Saturday, November 5, 2011

The Difference Between Games As A Product and A Work Of Artistic Expression.

You know, I dog on games like Call of Duty a lot. Constantly, I find myself comparing an artful, indie game to Call of Duty or a game like it. And I am very much guilty of also making the mistake of putting Call of Duty in a position of inferiority, like it is inherently disgusting and shouldn't even exist. Because, despite all of the complaints I've had with the Call of Duty series, I have to admit that for the last three years every single Call of Duty game released was almost a perfect game. You can not deny that Call of Duty is one of the most prestigious, consistently high-octane game series of all time. You have the success of the games alone to attest to that fact. Yet, I can not in good conscience look at the series as a particularly good one, or one that is healthy for the development of video games as a respectable medium of expression. 

With that being said, I think the work of designers like Jonathan Blow, Gregory Weir, and others is far more important to the evolution of games than the near-perfect Call of Duty series ever will be. This is not to say Majesty of Colors by Gregory Weir is comparable in terms of gameplay to Call of Duty. Compared to COD,   this game is nothing- literally five minutes long at the most, with pixelated graphics and one-dimensional gameplay that could never fill a game the size of Call of Duty, but these games have something that Call of Duty and other engineered blockbusters lack, and that's heart. And there's a very good reason why: 

Most Huge Blockbusters Are Engineered To Be Blockbusters.

Why are series like Gears of War, Call of Duty, Battlefield, Madden, etc. so freaking good? Well, part of it is that the people working on the games are very, very talented people who are dedicated to their job and want to make a good product. But the other reason is because the amount of resources publishers have to use on high-profile games is insane. Games are constantly play-tested by non-biased, third-party individuals and tweaked to work perfectly. After all, they can't afford to release a product that isn't as perfect as possible. 
By the time you play a game, it has been turned over and over by dozens of different people that try their hardest to break the game, to find exploits or problems with the gameplay, and to see how accessible the game is. You are getting a highly-refined, carefully crafted product that has been designed with the utmost quality in mind. Which is great, I still enjoy AAA games as much as the next guy. Just a few weeks ago, I basically had a nerdgasm over how freaking awesome Batman Arkham City was. 
However, when anything is distilled- whether it be a game or a movie- the character is often taken away as well. In the interest of making a great game, a game loses the developers touch and the charm associated with playing a game you know was developed by people, not polls and play-tests.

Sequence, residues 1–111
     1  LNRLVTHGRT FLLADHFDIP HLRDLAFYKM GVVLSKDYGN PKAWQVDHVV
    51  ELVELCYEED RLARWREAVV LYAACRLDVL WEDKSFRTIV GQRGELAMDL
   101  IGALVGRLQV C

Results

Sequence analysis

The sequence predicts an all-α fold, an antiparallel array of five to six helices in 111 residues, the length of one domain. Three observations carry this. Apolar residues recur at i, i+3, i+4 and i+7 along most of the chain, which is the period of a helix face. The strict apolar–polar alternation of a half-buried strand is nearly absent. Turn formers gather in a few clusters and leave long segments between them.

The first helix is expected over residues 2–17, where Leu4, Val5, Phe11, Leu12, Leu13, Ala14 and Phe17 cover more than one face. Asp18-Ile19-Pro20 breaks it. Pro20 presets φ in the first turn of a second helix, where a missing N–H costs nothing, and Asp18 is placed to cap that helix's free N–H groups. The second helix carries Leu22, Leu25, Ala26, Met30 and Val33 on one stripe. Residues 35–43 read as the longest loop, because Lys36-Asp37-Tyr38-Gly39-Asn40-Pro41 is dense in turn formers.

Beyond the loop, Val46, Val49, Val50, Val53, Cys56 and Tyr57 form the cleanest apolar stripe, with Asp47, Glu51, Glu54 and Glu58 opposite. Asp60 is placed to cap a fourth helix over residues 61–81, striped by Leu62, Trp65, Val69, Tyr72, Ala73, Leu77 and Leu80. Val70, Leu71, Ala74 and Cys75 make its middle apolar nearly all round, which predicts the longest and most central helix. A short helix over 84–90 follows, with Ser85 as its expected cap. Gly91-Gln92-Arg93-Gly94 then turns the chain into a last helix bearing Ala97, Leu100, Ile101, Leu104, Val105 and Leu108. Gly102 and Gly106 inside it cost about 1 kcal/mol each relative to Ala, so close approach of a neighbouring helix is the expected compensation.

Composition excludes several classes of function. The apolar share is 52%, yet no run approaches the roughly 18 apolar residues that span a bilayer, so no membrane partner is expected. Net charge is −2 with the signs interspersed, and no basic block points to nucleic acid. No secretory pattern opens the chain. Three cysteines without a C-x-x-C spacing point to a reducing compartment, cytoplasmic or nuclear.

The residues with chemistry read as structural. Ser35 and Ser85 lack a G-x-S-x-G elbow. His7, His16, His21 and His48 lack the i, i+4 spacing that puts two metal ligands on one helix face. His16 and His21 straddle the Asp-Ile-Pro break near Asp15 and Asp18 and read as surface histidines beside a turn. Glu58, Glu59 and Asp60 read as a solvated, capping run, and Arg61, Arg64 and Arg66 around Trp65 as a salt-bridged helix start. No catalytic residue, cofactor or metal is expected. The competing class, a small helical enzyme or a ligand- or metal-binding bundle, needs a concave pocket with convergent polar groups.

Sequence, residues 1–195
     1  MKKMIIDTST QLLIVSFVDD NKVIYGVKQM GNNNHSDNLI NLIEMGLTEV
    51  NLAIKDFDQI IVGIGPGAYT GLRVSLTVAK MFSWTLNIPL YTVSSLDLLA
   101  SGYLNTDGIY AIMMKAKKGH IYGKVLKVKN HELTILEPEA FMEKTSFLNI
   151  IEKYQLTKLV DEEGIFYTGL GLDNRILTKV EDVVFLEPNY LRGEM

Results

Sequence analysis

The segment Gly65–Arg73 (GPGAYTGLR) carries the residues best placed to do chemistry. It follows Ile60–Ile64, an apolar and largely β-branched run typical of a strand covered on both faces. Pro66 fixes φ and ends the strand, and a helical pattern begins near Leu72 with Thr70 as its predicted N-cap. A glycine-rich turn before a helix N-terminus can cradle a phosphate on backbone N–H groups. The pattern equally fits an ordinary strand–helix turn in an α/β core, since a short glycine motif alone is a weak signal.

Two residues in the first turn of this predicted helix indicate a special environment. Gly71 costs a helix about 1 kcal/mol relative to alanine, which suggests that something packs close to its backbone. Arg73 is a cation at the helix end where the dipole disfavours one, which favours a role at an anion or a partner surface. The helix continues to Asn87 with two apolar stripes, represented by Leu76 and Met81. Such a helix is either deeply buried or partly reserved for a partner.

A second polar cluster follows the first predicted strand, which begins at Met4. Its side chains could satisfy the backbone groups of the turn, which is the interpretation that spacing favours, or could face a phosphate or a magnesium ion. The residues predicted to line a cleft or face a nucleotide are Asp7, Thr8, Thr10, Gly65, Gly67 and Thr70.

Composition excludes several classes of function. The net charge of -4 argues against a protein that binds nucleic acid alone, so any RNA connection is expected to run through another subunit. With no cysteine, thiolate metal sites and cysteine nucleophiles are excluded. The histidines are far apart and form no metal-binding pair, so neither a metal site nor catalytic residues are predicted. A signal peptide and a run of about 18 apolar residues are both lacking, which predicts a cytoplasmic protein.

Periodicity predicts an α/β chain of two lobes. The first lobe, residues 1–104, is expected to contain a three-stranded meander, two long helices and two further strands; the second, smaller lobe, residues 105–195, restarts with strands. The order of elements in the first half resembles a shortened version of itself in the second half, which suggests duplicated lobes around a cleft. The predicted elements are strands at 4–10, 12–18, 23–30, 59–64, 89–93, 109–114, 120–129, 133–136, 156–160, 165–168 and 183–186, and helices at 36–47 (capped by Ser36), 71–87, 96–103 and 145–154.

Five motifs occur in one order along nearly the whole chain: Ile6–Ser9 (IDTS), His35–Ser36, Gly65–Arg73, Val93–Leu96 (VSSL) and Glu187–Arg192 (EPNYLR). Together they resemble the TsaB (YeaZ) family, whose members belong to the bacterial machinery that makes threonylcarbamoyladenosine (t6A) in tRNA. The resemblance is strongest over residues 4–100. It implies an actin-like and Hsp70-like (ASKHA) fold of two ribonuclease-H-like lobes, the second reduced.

Recently, I played the indie game Knytt Stories, a Metroid-style platformer full of whimsy and charm. I enjoyed the heck out of the game, devouring the expansions and then going back for seconds and thirds. It was a pure game experience, and my enjoyment of it was comparable to something like Arkham City, which is another near-perfect game. However, this game had flaws, HUGE, GLARING FLAWS! Flaws that could have easily been ironed out if the game was play-tested a few times. But, some of the things that were wrong with the game were also what I perceived as being done right. The game was so charming and fun, it had me spellbound the entire time I played it. 
The game had, for lack of a less-cliched term, character. It had a presence, and the creator of the game created something that was beautiful and unique and awesome. It felt like it's own game, with no ties to anything else in the platformer market. It was pure and unadulterated, and what flaws it may have had were covered up by the sheer amount of uniqueness. 

If we continue to eat up games that are developed like products and not forms of personal expression, if we keep classifying games based on mechanics, if we keep treating games as toys- we're not leaving this spot we are in now, this awkward spot of people pulling in every direction for only AAA games, no AAA games, etc. I'm not saying AAA-games have to go, but maybe it's time we stop looking for perfection in games, and start looking for individuality and fun. Maybe it's time for something that isn't over-inflated and highly marketed. Or- maybe it isn't. I guess gamers will decide that. 

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